I generally set my camera on a two-second delay and start moving the camera as soon as I press the shutter. A shorter shutter speed like 1/2 of a second helps capture movement. If you are trying this technique in the middle of the day and it’s really bright outside, make sure you have a lens that you can stop way down. Otherwise, you may need a 3-4 stop neutral density filter to achieve a slow shutter speed.

Some of my favorite shutter painted images have been landscapes, but I have gotten some interesting shutter painting images on an escalator (I swiped the camera down and up as I was going down the escalator) and at the county fair where I moved the camera in tiny circles while the shutter was open to capture an abstract version of the ferris wheel and carnival lights.

CAMERA SETTINGS:

  • Shutter speed of 1/5 to 3 seconds depending on the time of day and how much blur you want. Less time will give you a little more detail in the image and a longer time will create a creamier blur.
  • Single focus point
  • Single Shot mode
  • 2-Second Delay mode (Begin moving the camera as soon as you press the shutter.)
Shutter painting of a beach by Kathy Linford
Creative photography technique called shutter painting
Shutter painting of a ferris wheel using a creative photography technique

4. Zoom blur

Zoom blur is super fun because it creates a vortex-like feel to your images. It works best in areas of high contrast with lots of lines and negative space. This is the only creative photography technique I use that requires a tripod to get the lines straight. I am that person who always carries a tabletop tripod in my bag, and I’m not ashamed to set up my little Sony on a table at a restaurant.

To create zoom blur, you will need a zoom lens. Set the focus on your subject at the widest angle you are going to use and press the shutter button. As the shutter is clicked, zoom the lens. Use a two-second delay to avoid camera shake.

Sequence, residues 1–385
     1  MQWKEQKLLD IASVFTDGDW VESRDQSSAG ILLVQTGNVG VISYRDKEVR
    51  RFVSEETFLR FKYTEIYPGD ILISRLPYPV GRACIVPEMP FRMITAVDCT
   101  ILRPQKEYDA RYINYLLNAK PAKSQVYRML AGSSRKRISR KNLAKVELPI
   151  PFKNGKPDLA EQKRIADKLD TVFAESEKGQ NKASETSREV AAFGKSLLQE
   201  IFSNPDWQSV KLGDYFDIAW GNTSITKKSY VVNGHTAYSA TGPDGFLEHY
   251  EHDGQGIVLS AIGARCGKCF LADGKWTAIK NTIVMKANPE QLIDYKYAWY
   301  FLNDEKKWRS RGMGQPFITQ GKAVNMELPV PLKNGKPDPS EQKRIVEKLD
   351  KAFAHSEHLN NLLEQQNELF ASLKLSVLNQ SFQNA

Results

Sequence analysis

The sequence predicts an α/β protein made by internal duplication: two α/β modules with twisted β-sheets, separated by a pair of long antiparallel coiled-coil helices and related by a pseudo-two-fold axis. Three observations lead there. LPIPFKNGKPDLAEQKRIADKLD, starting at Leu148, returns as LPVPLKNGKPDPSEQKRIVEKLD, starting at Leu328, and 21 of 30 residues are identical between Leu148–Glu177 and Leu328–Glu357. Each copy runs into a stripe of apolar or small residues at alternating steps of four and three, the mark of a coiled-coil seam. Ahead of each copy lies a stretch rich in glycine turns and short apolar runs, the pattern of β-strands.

The blue image below is one of my favorite zoom blur images. It was taken in an empty taco shop one afternoon while my daughter was in a driver’s ed class next door. As the sun started setting, I noticed the colors streaming in so I set the tripod up on the table and shot towards the window. It would have been a very dull image if I had just taken a standard shot of the tables, chairs and window.

I have also used this technique on flowers. The trick with flowers is to choose an interesting focal point because the lines will be directing the viewer to that point. Zoom blur works great on flowers with a defined center and petals that spread outwards.

CAMERA SETTINGS:

  • Shutter speed of 1/8 to 2 seconds, depending on how much light is available. (If you are doing this on a bright day you might need a 3-4 stop neutral density filter to get a long enough shutter speed.)
  • Single focus point
  • Single Shot mode or 2-Second Delay mode
Zoom blur of a taco shop
Zoom blur, a creative photography technique.
Zoom blur of a flower, a creative photography technique to try today.

Tips to remember when using these creative photography techniques

These creative photography techniques take practice! Don’t give up if you don’t create magic on your first try. Be prepared for lots of tossers, but stick with it. Here are a couple pointers that apply to all of the techniques I’ve shared above:

  • Look for areas of high contrast, varying light and color to add depth to your images and make them more visually interesting. For example, a picture of your child running across a field of green grass on an overcast day with green trees behind him, would feel stagnant and lack depth. But, if there were a dark road between the grass and the trees and some buildings with texture behind the trees your image would come alive with contrast, depth and movement.
  • Because these creative photography techniques are based on using a shutter speed that achieves blur, you’ll set the shutter speed first. Then you can adjust aperture and ISO for proper exposure.
  • When post processing my blur images, I bring down the contrast and clarity overall to add even more blur to the background. Then I take a brush and selectively add focus where I want it.

I cannot wait to see what you all come up with using these creative photography techniques! Please comment and let me know how you like to use panning, motion blur, shutter painting and zoom blur.

All photos by Kathy Linford